Isolation of Wheat Genomic DNA for Gene Mapping and Cloning

DNA is widely used in plant genetic and molecular biology studies. In this chapter, we describe how to extract DNA from wheat tissues. The tissue samples are ground to disrupt the cell wall. Then cetyltrimethylammonium bromide (CTAB) or sodium dodecyl sulfate (SDS) is used to disrupt the cell and nuclear membranes to release the DNA into solution. A reducing agent, β-mercaptoethanol, is added to break the disulfide bonds between the cysteine residues and to help remove the tanins and polyphenols. A high concentration of salt is employed to remove polysaccharides. Ethylenediaminetetraacetic acid (EDTA) stops DNase activity by chelating the magnesium ions. The nucleic acid solution is extracted with chloroform–isoamyl alcohol (24:1) or 6 M ammonium acetate. The DNA in aqueous phase is precipated with ethanol or isopropanol, which makes DNA less hydrophilic in the presence of sodium ions (Na+).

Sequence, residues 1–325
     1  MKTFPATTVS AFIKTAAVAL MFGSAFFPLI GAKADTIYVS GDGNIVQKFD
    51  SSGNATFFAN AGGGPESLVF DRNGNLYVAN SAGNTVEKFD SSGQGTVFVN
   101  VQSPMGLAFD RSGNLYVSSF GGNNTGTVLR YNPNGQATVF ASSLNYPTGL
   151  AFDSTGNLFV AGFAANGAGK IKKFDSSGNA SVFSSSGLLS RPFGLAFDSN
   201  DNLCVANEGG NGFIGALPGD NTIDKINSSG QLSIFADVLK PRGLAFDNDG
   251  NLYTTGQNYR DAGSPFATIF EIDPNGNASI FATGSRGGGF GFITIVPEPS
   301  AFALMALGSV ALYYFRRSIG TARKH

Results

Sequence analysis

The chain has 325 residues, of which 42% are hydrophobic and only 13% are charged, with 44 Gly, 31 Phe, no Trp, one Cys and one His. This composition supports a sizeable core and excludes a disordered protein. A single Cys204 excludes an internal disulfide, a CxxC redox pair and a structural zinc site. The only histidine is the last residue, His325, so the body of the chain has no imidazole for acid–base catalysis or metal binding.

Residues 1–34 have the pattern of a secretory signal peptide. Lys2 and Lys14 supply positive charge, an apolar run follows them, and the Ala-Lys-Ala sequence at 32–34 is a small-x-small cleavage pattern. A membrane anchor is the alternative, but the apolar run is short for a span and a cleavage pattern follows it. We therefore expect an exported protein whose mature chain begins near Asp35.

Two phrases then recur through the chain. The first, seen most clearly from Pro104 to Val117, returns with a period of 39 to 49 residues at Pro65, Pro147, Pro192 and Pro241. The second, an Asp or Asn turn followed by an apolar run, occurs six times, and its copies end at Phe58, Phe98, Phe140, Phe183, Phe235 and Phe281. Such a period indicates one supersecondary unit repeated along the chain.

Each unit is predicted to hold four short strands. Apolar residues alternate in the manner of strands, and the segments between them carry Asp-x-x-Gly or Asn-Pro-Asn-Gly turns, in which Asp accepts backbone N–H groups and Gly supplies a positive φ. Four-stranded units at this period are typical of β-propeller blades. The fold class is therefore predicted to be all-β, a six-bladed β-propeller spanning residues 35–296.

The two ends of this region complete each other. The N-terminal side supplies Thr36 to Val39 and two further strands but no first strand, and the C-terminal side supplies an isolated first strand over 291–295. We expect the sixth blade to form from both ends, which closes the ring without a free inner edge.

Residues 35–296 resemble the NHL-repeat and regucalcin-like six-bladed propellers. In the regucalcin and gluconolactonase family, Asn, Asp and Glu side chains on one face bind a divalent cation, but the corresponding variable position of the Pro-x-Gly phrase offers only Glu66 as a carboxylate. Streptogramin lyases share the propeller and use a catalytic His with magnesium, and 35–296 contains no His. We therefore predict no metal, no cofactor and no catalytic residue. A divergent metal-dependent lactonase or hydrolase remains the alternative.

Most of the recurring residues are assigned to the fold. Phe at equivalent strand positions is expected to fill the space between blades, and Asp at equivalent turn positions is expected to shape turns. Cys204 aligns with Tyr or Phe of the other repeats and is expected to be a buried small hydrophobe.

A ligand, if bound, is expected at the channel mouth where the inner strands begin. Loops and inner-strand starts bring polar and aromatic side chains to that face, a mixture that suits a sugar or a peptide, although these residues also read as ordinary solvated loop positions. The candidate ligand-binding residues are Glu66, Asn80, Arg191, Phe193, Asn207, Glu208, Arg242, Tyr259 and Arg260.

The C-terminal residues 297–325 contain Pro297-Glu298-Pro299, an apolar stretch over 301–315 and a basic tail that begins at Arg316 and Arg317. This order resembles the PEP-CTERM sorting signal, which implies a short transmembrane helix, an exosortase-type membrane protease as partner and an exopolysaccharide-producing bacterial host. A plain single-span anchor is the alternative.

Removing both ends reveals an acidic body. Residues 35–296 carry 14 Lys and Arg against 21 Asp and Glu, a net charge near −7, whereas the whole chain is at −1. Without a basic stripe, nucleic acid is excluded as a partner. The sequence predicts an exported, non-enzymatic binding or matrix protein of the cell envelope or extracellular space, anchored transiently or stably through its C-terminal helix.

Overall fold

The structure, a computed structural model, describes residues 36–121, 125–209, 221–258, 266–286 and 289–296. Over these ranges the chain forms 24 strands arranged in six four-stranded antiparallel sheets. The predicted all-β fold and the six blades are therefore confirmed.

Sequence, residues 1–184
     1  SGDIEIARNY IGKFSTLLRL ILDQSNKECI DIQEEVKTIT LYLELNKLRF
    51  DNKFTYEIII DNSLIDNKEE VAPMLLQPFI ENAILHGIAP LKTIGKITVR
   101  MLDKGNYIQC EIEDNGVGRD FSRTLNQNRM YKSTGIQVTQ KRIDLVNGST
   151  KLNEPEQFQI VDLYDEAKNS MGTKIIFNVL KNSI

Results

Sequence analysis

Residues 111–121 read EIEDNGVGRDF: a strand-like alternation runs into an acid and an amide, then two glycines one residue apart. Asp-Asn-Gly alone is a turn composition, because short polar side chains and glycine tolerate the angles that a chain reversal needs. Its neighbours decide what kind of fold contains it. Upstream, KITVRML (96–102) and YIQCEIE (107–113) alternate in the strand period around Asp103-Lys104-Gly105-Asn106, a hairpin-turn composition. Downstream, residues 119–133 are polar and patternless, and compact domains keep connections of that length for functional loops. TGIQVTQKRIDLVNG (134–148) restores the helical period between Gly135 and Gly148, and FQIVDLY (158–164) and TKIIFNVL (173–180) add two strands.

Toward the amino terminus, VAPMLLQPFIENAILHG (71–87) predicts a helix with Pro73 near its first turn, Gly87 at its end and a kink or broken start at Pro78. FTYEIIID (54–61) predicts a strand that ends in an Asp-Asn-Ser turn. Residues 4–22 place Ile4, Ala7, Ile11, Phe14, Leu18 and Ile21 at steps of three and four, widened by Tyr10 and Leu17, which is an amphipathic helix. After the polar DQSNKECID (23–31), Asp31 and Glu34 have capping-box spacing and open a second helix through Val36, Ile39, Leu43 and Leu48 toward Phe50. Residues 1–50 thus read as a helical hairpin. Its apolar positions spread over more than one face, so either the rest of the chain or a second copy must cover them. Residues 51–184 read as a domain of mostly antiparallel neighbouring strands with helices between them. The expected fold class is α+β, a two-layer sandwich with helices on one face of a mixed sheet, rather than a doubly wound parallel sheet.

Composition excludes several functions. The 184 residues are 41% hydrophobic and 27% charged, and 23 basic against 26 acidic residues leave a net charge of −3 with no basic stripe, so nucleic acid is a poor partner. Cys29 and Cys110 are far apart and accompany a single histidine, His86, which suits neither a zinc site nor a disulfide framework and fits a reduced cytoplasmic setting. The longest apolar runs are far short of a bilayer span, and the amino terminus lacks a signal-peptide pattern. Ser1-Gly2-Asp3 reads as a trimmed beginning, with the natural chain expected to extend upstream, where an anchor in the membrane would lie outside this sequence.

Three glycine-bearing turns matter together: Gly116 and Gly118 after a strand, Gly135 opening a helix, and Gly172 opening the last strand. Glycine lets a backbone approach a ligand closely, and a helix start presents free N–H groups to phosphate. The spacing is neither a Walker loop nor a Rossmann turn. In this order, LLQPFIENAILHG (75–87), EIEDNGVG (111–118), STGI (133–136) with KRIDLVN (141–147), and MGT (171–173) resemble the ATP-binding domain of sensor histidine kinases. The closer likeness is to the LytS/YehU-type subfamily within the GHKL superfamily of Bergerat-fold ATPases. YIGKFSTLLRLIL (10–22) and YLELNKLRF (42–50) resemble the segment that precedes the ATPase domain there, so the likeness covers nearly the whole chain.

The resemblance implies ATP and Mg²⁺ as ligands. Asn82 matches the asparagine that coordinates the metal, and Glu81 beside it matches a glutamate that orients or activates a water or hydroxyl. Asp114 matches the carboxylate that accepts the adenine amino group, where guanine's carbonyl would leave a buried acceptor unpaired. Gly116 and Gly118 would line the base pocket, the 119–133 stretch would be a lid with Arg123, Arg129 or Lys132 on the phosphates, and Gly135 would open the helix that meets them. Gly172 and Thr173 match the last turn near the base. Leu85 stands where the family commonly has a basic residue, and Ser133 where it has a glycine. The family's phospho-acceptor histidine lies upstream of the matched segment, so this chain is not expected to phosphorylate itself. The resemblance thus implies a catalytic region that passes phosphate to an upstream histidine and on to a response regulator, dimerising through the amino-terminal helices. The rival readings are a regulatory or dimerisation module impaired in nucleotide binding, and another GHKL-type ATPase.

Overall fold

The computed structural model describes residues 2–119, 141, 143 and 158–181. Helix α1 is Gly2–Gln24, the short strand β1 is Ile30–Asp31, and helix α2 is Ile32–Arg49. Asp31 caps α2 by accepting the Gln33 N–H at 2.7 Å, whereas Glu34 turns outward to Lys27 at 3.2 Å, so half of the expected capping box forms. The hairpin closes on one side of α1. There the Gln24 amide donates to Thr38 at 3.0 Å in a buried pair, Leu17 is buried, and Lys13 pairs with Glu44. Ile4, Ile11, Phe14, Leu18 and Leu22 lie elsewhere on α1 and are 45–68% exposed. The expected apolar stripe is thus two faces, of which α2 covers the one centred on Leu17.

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DFW Organisation JIC
DFW Work Package 2
DOI 10.1007/978-1-4939-7249-4_18
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